In an interview with The Daily Caller, former Vice President Dick Cheney says former New York Times reporter Judith Miller’s new doubts about the accuracy of her testimony against Scooter Libby confirms his long-held belief that his former top aide was wrongly charged by a “runaway special prosecutor” trying to make a name for himself in the Valerie Plame affair.
“Scooter paid a hell of a price, and he was an innocent man all along,” Cheney told TheDC in a Wednesday morning phone call.
“I always believed Scooter was innocent,” Cheney added. “What Judith Miller basically provides is confirmation of the fact that he was innocent.”
Miller served as a witness in the 2007 trial against Libby on counts of obstruction of justice, perjury and making false statements. She testified in the trial that Libby had told her that Valerie Plame was a CIA agent. Prosecutors argued Libby lied to cover that up.
But in her new book, The Story: A Reporter’s Journey, Miller says she has now concluded, after reviewing old notes, that her testimony about her conversations with Libby that led to his conviction may have been false. Miller says she is afraid her memory “may have failed me” during the trial, and now doubts Libby ever told her that Plame worked for the CIA.
“My testimony, though sworn honestly, might have been wrong,” Miller writes in her book, saying she now worries she “helped to convict an innocent man.”
Miller also suggests in her book that Special Counsel Patrick J. Fitzgerald “steered” her “in the wrong direction” to potentially give inaccurate testimony.
At the end of his term, President George W. Bush commuted Libby’s sentence of 30-months in prison. Bush did not pardon him, meaning Libby remains a convicted felon to this day.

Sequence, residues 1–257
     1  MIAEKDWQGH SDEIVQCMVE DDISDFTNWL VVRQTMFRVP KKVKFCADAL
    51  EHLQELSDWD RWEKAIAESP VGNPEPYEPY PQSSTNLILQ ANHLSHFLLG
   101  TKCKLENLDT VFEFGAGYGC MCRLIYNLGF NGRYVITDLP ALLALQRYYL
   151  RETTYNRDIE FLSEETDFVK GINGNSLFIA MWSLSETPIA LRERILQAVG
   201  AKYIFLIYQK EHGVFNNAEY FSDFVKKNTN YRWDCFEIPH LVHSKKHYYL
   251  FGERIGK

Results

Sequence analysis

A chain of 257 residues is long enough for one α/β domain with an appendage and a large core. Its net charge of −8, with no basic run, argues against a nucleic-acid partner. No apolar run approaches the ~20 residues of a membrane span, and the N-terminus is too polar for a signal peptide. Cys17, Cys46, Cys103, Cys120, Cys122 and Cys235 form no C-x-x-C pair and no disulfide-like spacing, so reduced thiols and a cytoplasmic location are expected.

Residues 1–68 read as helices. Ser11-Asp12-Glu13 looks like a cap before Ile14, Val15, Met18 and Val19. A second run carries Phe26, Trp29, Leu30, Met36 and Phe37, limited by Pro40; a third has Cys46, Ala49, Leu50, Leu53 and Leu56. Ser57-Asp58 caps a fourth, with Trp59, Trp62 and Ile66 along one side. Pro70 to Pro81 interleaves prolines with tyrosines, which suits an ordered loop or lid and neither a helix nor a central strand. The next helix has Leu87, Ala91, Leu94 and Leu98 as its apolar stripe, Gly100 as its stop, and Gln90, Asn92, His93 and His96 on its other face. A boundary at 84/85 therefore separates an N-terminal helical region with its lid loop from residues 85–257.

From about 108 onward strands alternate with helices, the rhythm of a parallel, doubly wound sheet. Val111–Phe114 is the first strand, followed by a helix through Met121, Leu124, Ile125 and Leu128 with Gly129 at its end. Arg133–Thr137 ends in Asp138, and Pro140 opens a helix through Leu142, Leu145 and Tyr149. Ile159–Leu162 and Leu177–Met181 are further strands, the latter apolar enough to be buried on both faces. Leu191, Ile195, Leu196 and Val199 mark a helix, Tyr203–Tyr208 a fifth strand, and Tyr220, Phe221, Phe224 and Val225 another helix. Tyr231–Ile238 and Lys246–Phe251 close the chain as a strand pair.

Cheney told TheDC on Wednesday that he wants to see Libby’s name “cleared.”
Asked if he will renew a push for a presidential pardon, Cheney said: “I don’t have any plans at this point. I don’t know what Scooter will do and what’s immediately available to him.”
“I think it’s important that the record reflect the fact that he was not guilty of any crime,” Cheney said. “That there’s been a gross miscarriage of justice here, and at a minimum, the record needs to be set straight, and that stigma of being a convicted felon needs to be dealt with. He ought to be able to renew his law license, his ability to practice law again, and so forth. So I think the Miller book is important because it sets the record straight.”
Miller also writes in her book that she learned from Libby’s attorney that Fitzgerald “had twice offered to drop all charges against Libby if his client would ‘deliver’ Cheney to him.”
Cheney says that shows what Fitzgerald’s real intentions were in going after Libby.
“It was a runaway special prosecutor who, I think, manipulated the system because he was trying to make a name for himself,” Cheney said. “I apparently was the target based upon the fact that he went to Scooter’s lawyer and told him if Scooter would testify against me he’d drop the charges against Scooter. I hadn’t been accused of anything. I hadn’t done anything.”